Q-7422 — October 7, 2014 — Mr. Cotler (Mount Royal) — With regard to the process for filling the vacancy on the Supreme Court of Canada that will be created by the retirement of Justice Louis Lebel: (a) when did the government learn of Justice Lebel’s intention to retire on November 30, 2014; (b) how did the government learn of Justice Lebel’s intention to retire on November 30, 2014; (c) what steps has the government taken to find a replacement for Justice Lebel; (d) when were each of the steps in (c) taken; (e) what individuals, agencies, organizations, or other governments has the government consulted with regard to developing a process to find Justice Lebel’s replacement; (f) what individuals, agencies, organizations, or other governments has the government consulted with regard to choosing Justice Lebel’s replacement; (g) when did the consultations in (e) occur; (h) when did the consultations in (f) occur; (i) what individuals, agencies, organizations, or other governments will the government consult with regard to developing a process to find Justice Lebel’s replacement; (j) what individuals, agencies, organizations, or other governments will the government consult with regard to choosing Justice Lebel’s replacement; (k) when will the consultations in (i) occur; (l) when will the consultations in (j) occur; (m) what date has the government set by which Justice Lebel’s replacement must be nominated; (n) what date has the government set by which Justice Lebel’s replacement must be appointed; (o) by what date does the government intend to nominate Justice Lebel’s replacement; (p) by what date does the government intend to appoint Justice Lebel’s replacement; (q) when were the dates in (m) to (p) set; (r) who set the dates in (m) to (p); (s) based on what factors were the dates in (m) to (p) set; (t) if no dates have been set regarding the nomination or appointment of Justice Lebel’s replacement, why have no dates been set; (u) has the government examined the consequences, legal and otherwise, of allowing a Supreme Court seat to be vacant; (v) what are the results of the examination in (u); (w) when did the examination in (u) begin; (x) when did the examination in (u) end; (y) who carried out the examination in (u); (z) if the government has not carried out the examination in (u), why has it not done so; (aa) will the government examine the consequences, legal and otherwise, of allowing a Supreme Court seat to be vacant; (bb) if the government will not carry out the examination in (aa), why will it not do so; (cc) based on what criteria has the government evaluated candidates to replace Justice Lebel, or, if no evaluations have occurred thus far, based on what criteria will the government evaluate candidates to replace Justice Lebel; (dd) how do the criteria in (cc) differ from those used to evaluate candidates in the appointment processes that led to the appointments of (i) Justice Wagner, (ii) Justice Nadon, (iii) Justice Gascon; (ee) what materials have been sought from the candidates to replace Justice Lebel; (ff) what materials will be sought from the candidates to replace Justice Lebel; (gg) how do the materials in (ee) and (ff) differ from those sought from candidates in the processes that led to the appointments of (i) Justice Wagner, (ii) Justice Nadon, (iii) Justice Gascon; (hh) if the materials in (ee) and (ff) differ from those sought from candidates in the processes that led to the appointments of Justices Wagner, Nadon, and Gascon, (i) why were changes made, (ii) who decided to make these changes, (iii) when was that decision made; (ii) when did the “reconsideration” of the appointment process referred to in the government’s response to Q-543 begin; (jj) who made the decision to reconsider the Supreme Court appointment process; (kk) on what date was the decision in (jj) made; (ll) what has the reconsideration of the Supreme Court appointment process entailed; (mm) who has been involved in the reconsideration of the Supreme Court appointment process; (nn) what has been the role of each of the individuals in (mm) in the reconsideration of the Supreme Court appointment process; (oo) what individuals, agencies, organizations, or other governments have been consulted as part of the reconsideration of the Supreme Court appointment process; (pp) were parliamentarians consulted as part of the reconsideration process, and if so, whom; (qq) what meetings have occurred as part of the reconsideration of the Supreme Court appointment process, (i) on what dates, (ii) with whom present, (iii) with what goals, (iv) with what outcomes; (rr) what documents, memos, briefing notes, or other materials have been created as part of the reconsideration of the Supreme Court appointment process; (ss) what are the dates of creation and file or reference numbers of the materials in (rr); (tt) who developed the materials in (rr); (uu) to whom have the materials in (rr) been distributed; (vv) what research, reports, books, articles, or other reference materials has the government consulted as part of the reconsideration of the Supreme Court appointment process; (ww) what are the objectives of the reconsideration of the Supreme Court appointment process; (xx) when did the reconsideration of the Supreme Court appointment process end, or if it is ongoing, when does the government intend to end it; (yy) if the reconsideration of the Supreme Court appointment process is ongoing, (i) what will the remainder of the reconsideration entail, (ii) who will be involved in the remainder of the reconisderation, (iii) what will be the role of each of the individuals, agencies, organizations, and governments involved, (iv) when will parliamentarians be consulted, (v) in what way will parliamentarians be consulted; (zz) when did the government last engage in a reconsideration of the Supreme Court appointment process; (aaa) in what way is the current reconsideration similar to or different from the last reconsideration; (bbb) what are the results of the reconsideration of the Supreme Court appointment process; (ccc) when will the results of the reconsideration of the Supreme Court appointment process be made public; (ddd) what has been the cost of the reconsideration of the Supreme Court appointment process; (eee) what is the breakdown of the cost of the reconsideration of the Supreme Court appointment process thus far; (fff) if the reconsideration is ongoing, (i) what will be the total cost of the reconsideration, (ii) what is the breakdown of the cost; (ggg) what process has been or will be used to evaluate candidates and make an appointment to replace Justice Lebel; (hhh) in what way have parliamentarians been involved, or in what way will they be involved, in the process to replace Justice Lebel; (iii) what goals have been served by parliamentary involvement in previous Supreme Court appointment processes; (jjj) how will the goals in (iii) be served in the process to replace Justice Lebel; (kkk) in what way have members of the legal community been involved, or in what way will they be involved, in the process to replace Justice Lebel; (lll) other than parliamentarians and members of the legal community, who has been or will be involved in the process to replace Justice Lebel, and in what way; (mmm) what steps has the government taken, or what steps will the government take, to ensure that Justice Lebel’s replacement is eligible to fill one of the seats reserved for Quebec pursuant to section 6 of the Supreme Court Act; (nnn) who has carried out, or who will carry out, the legal analysis to ensure that Justice Lebel’s replacement is eligible to fill one of the seats reserved for Quebec pursuant to section 6 of the Supreme Court Act; (ooo) when was the legal analysis in (nnn) carried out; (ppp) what has been the cost of the analysis in (nnn); (qqq) what is the breakdown of the cost of the analysis in (nnn); (rrr) what has been, or what will be, the cost of the process to replace Justice Lebel; (sss) what is the breakdown of the cost in (rrr); (ttt) in what way will the process to replace Justice Lebel be (i) transparent, (ii) accountable, (iii) inclusive; and (uuu) will the process used for the appointment of Justice Lebel’s replacement be used for future appointments?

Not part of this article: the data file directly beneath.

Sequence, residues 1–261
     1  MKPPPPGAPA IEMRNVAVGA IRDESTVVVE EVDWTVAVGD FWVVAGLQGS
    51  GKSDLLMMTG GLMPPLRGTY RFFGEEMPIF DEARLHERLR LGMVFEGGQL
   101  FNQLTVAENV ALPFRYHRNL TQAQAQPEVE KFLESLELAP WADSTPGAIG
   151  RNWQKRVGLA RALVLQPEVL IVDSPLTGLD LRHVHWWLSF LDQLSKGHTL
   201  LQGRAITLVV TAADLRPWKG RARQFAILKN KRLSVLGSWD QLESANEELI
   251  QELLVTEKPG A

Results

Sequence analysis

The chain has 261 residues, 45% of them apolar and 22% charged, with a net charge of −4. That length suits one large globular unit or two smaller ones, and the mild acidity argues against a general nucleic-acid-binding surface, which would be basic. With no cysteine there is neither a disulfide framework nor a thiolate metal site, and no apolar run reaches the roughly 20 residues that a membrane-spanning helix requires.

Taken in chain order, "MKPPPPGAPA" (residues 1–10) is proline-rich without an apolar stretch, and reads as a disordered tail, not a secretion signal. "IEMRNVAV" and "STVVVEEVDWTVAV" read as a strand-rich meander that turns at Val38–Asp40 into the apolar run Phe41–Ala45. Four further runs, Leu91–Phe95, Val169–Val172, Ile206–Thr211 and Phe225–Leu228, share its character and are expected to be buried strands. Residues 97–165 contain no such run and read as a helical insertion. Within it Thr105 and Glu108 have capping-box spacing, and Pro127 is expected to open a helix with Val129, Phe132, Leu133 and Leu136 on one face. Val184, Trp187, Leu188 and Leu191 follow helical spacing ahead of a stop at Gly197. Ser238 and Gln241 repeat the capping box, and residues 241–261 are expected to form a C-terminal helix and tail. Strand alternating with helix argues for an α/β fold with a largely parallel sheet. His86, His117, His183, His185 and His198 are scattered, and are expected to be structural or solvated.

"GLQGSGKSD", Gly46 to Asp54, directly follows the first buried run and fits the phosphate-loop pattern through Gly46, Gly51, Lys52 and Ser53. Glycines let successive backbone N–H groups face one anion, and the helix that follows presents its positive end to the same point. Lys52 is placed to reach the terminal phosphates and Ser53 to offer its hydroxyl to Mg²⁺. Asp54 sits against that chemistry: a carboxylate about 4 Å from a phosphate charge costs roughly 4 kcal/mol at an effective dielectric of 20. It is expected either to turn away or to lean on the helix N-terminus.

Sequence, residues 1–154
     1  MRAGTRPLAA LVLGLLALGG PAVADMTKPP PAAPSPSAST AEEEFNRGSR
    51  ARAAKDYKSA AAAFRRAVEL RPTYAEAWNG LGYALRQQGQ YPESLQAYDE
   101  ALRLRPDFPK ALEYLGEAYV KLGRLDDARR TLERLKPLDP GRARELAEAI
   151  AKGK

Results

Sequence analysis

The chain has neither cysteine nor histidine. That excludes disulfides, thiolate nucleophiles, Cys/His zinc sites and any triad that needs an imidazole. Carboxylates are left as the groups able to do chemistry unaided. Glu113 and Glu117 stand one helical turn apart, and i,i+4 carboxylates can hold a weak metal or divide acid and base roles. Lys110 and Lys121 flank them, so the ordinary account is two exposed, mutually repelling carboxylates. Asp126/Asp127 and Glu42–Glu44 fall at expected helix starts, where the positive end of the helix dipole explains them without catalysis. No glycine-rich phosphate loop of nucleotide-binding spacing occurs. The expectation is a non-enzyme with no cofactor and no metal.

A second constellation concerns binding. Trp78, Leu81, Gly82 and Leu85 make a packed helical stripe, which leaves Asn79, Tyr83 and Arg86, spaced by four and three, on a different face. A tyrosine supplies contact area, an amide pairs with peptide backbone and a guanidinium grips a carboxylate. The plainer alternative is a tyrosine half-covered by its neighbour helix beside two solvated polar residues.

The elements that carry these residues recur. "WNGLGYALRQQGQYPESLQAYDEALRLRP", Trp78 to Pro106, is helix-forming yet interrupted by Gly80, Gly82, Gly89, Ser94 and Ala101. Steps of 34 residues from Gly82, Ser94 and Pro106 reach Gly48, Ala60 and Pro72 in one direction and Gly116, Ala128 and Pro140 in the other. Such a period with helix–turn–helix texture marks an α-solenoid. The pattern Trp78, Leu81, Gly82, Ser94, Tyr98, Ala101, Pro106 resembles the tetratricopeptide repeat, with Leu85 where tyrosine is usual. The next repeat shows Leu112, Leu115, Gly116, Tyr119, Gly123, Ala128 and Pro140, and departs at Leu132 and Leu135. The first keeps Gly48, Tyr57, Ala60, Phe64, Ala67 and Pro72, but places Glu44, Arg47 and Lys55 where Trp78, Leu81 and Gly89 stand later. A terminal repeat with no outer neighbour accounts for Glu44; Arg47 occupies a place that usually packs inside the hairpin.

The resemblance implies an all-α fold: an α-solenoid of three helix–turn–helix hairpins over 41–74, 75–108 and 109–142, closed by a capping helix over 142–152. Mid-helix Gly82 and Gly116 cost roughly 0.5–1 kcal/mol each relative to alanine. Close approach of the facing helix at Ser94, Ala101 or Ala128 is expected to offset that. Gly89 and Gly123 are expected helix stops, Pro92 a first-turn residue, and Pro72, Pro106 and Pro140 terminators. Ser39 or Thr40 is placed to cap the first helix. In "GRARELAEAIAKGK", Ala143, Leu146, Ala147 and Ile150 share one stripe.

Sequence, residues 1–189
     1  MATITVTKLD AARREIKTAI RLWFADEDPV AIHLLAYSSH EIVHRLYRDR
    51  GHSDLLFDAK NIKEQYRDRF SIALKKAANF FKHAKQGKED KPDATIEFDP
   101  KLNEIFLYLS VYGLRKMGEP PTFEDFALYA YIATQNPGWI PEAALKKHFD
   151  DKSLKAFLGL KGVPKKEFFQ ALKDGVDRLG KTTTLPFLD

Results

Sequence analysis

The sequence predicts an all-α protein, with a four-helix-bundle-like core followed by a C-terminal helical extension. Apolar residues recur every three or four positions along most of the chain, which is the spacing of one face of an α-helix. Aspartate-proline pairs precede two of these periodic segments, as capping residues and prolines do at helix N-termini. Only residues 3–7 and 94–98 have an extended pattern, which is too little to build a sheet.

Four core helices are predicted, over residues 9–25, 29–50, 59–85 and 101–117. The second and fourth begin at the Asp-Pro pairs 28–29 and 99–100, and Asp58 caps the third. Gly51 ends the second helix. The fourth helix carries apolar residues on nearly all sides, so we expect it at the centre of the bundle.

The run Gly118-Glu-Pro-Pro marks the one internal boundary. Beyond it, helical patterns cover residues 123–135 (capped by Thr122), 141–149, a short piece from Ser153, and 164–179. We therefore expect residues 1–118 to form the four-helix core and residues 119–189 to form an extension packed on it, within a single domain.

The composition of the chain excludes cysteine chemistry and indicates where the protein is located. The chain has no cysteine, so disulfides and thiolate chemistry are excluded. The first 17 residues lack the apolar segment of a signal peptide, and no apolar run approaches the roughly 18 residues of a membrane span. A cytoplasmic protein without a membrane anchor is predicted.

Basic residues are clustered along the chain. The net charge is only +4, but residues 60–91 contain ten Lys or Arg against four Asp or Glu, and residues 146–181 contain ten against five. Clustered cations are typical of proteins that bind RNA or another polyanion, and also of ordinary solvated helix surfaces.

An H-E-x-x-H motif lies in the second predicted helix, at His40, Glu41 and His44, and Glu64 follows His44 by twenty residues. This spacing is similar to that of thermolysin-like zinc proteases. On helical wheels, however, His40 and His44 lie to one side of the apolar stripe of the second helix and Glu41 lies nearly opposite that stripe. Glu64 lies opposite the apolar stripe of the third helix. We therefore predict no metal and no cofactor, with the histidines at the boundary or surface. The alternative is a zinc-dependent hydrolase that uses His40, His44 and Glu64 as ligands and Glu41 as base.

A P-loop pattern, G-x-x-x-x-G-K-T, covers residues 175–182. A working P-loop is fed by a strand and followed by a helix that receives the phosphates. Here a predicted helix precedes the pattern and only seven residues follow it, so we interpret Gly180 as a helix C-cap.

My principled abstention from the ISIL vote